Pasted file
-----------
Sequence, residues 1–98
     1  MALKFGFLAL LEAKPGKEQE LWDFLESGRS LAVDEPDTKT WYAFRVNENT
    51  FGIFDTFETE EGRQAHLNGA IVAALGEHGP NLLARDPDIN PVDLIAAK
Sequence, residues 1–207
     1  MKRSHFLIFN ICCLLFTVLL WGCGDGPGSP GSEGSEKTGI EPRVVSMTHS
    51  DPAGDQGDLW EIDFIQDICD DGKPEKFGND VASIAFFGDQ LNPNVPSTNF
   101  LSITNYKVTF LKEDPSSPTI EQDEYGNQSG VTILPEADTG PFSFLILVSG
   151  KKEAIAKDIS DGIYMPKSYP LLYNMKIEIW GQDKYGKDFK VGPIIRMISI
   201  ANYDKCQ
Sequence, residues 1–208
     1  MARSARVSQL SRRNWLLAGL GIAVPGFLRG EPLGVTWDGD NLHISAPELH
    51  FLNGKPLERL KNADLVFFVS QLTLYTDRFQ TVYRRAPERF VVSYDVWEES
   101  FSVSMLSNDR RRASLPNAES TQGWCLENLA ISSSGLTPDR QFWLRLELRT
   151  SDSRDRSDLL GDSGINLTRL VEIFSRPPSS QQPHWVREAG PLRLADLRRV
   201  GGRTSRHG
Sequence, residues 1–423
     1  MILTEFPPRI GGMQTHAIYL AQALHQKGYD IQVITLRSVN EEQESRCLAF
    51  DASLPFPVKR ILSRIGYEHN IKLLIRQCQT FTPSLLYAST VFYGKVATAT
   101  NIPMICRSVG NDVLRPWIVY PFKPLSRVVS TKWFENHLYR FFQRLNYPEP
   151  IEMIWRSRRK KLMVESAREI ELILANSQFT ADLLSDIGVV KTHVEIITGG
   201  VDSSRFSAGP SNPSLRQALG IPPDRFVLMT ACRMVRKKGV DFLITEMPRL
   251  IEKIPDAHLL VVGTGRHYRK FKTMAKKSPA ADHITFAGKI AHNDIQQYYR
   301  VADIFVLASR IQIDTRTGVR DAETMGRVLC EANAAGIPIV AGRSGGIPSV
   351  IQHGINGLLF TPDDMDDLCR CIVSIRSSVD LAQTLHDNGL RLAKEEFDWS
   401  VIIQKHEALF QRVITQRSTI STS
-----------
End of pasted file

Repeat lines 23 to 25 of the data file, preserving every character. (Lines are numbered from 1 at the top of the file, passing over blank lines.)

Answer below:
   301  VADIFVLASR IQIDTRTGVR DAETMGRVLC EANAAGIPIV AGRSGGIPSV
   351  IQHGINGLLF TPDDMDDLCR CIVSIRSSVD LAQTLHDNGL RLAKEEFDWS
   401  VIIQKHEALF QRVITQRSTI STS